So our efforts will continue on a multilevel within the Palestinian Authority. That includes Chairman Arafat. But the point of the President is what the people of Palestine need and what the people of Israel need is a leadership that is willing to take action to prevent violence.

Q Why did the President make these calls to these leaders today?

MR. FLEISCHER: What you're seeing is an ongoing diplomatic effort that has been launched not only directly and personally by the President, but by other leaders around the world. President Putin, for example, held a recent meeting in Asia and has played a constructive role directly with the principals, with Prime Minister Vajpayee, with President Musharraf. And, as I mentioned, we have the upcoming visits by Secretary Armitage and Secretary Rumsfeld to South Asia. So it's part of ongoing efforts to help the parties to help themselves to reduce the violence and reduce the tension.

Q Is it fair to see this presidential intervention as a sign that things aren't getting better?

MR. FLEISCHER: No, I think it's part of ongoing efforts in a tense region, a region that remains tense and delicate, and a region that the President will remain personally engaged in and involved in; so, too, will his government.

Q Has the President spoken to President Putin about his efforts? And does he think he can succeed in some way where Putin failed?

MR. FLEISCHER: Well, the President spoke with President Putin during his visit to Moscow and St. Petersburg directly about the situation between India and Pakistan. President Putin, when he told President Bush that he would be meeting with the two, President Bush welcomed it, said that's constructive, that's wise of you to meet with these leaders. And I think it's part of a world that's stands shoulder-to-shoulder and giving India and Pakistan a unified message: war is not in your interest, and war is not in the interest of your neighbors or nations that live far away.

Q But Putin failed to make progress at the Kazakhstan meeting. Is there something else President Bush thinks he can do?

MR. FLEISCHER: I don't -- you know, progress is going to be measured day by day. In a tense situation, lack of war is the goal. Reduction of tension is the goal. And while it remains tense, it remains delicate. War is not inevitable. And the diplomatic efforts of the United States, from the President on down, are aimed at making sure it's not only inevitable, but we do everything we can to prevent it from happening.


Q Is this the first time the President has made these personal calls to the leaders?


Q And also, does he have a solution? In the event that they do pull back, is there another step to be taken?

MR. FLEISCHER: Very often in crises like this, one of the reasons that things can escalate and get out of control or lead to war is that the two parties don't listen to each other. And very often what they look for is a third party to come in and make sure that messages are communicated back and forth, that lines that the two parties themselves might close are forced to be open as a result of the diplomacy of others. And so we continue to urge dialogue between India and Pakistan. And that's where the situation is.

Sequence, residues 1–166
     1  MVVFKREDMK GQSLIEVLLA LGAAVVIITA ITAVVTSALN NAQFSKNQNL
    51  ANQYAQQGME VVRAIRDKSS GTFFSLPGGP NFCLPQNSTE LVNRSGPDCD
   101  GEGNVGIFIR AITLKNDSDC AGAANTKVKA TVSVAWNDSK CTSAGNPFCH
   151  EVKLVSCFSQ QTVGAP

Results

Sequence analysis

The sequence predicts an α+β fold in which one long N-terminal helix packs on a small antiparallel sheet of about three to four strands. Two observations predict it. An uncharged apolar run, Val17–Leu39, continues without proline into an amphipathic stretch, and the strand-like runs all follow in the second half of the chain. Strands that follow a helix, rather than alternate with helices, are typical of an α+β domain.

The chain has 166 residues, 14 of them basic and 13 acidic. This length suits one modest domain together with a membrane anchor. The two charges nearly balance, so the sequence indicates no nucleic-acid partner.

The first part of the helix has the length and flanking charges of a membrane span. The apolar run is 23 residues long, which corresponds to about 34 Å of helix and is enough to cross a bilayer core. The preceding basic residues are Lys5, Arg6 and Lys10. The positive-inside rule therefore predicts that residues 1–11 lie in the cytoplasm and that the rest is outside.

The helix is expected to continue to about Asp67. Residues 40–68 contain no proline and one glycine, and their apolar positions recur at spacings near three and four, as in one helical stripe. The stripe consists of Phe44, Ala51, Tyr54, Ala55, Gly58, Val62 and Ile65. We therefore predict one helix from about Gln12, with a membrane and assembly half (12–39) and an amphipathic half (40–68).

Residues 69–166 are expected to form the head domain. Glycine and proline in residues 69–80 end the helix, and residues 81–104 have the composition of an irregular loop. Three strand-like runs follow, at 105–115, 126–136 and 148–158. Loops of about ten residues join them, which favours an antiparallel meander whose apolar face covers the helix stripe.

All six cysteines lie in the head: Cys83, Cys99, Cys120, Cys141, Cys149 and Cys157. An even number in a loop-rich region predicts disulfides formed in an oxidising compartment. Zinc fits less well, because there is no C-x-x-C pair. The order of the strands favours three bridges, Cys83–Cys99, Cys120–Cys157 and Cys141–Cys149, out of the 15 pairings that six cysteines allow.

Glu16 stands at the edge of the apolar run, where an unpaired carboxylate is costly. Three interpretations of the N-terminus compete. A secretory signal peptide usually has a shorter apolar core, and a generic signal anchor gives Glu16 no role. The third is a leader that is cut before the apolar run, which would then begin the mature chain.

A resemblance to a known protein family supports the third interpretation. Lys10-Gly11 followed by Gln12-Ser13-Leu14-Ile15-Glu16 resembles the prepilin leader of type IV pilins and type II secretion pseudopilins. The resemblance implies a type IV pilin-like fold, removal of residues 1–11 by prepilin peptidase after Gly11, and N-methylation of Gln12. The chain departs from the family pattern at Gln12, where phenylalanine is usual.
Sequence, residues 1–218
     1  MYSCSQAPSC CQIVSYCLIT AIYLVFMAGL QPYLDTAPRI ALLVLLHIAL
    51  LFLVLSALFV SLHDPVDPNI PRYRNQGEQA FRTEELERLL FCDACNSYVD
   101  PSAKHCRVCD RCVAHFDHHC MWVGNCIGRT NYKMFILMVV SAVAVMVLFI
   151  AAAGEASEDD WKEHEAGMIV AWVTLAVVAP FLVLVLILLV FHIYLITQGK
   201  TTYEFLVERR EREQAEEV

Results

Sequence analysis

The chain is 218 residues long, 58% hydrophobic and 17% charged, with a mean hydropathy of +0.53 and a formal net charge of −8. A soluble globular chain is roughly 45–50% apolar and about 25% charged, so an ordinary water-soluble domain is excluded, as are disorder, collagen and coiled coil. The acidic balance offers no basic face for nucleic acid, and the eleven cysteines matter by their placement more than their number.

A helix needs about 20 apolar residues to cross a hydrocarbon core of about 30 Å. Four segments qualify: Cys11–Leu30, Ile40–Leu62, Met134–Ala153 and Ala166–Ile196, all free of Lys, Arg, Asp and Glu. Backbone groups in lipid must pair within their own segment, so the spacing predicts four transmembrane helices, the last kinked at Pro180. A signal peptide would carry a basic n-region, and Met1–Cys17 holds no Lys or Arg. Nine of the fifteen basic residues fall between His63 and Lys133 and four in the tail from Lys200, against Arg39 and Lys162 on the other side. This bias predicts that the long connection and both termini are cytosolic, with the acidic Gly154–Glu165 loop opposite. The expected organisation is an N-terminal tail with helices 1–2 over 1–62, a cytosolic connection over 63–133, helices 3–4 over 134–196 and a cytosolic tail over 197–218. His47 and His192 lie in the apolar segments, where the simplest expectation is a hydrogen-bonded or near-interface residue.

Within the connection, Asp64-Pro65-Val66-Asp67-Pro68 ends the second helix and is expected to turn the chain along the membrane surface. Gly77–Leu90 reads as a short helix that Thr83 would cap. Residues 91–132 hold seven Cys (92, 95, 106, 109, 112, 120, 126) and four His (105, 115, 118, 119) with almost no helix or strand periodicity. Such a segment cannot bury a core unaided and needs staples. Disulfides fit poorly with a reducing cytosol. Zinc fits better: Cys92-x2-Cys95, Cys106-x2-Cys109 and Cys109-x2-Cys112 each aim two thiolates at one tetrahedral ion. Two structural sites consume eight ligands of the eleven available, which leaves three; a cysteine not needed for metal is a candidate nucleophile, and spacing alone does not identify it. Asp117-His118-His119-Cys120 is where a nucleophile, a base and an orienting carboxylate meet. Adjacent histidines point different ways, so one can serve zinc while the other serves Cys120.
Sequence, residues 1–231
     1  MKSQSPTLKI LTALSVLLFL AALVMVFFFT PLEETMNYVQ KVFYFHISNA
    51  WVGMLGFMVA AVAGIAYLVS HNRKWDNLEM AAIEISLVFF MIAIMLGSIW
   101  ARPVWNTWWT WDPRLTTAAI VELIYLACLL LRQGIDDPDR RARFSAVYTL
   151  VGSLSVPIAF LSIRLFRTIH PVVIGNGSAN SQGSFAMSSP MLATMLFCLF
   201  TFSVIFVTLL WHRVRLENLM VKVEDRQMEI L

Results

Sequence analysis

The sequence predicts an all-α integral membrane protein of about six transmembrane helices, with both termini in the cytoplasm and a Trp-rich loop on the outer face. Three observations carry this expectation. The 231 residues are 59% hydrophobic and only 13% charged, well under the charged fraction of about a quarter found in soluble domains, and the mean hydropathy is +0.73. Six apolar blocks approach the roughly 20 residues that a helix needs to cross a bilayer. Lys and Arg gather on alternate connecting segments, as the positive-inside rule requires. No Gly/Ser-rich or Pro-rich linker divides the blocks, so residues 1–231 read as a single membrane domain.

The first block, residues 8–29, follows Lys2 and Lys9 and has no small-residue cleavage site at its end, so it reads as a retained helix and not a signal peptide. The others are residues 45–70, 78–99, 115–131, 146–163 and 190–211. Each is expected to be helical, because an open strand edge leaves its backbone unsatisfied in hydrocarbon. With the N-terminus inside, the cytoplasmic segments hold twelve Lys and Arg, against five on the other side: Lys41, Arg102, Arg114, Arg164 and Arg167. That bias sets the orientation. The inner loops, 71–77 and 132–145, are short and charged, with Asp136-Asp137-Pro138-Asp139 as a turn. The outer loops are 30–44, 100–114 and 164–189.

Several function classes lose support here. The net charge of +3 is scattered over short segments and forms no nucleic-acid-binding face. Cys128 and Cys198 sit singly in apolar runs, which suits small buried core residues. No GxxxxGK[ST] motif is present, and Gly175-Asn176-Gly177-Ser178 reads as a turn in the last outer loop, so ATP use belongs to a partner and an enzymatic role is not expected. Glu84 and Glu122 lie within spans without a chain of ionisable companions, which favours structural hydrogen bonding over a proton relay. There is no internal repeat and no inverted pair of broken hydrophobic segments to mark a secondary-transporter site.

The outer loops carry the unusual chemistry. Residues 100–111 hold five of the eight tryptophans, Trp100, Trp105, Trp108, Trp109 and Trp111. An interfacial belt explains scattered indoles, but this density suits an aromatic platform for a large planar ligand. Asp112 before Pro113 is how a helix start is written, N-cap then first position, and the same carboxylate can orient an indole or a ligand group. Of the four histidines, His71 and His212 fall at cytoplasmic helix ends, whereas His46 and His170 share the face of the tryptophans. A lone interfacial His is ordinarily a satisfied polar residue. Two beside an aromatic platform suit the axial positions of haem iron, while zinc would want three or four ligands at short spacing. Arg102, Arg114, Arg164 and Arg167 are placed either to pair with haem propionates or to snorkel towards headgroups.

Q Ari, in terms of what the President is willing to do to resolve the crisis between India and Pakistan, is he willing to put forward the services of the United States as a mediator in the Kashmir issue? And what's the President's position on the right of the Kashmiris to self-determination?

MR. FLEISCHER: Well, the President does believe that the voices of the people of Kashmir has to be heard in this dispute. But the question of a mediator -- the United States is playing the role of a party that is helping to bring the two parties together through communications and dialogue. But we will help the two parties to the degree that they think are wise and are welcome. But, fundamentally, this is an issue where India and Pakistan need to talk to each other to help reduce tensions, and we're there to facilitate that.

Q Ari, can I follow on that? Did the President encourage, or was there discussion about the two sides talking directly at this point to each other?

MR. FLEISCHER: The President made the case that I just described, and he stressed the importance of dialogue.

Q Is there a response, the two sides said that they were willing --

MR. FLEISCHER: Again, time will tell.

Q One more question. Any discussion of the U.S. providing any monitors to patrol the Line of Control?

MR. FLEISCHER: No. That was not part of the discussion.

Q Is that under consideration?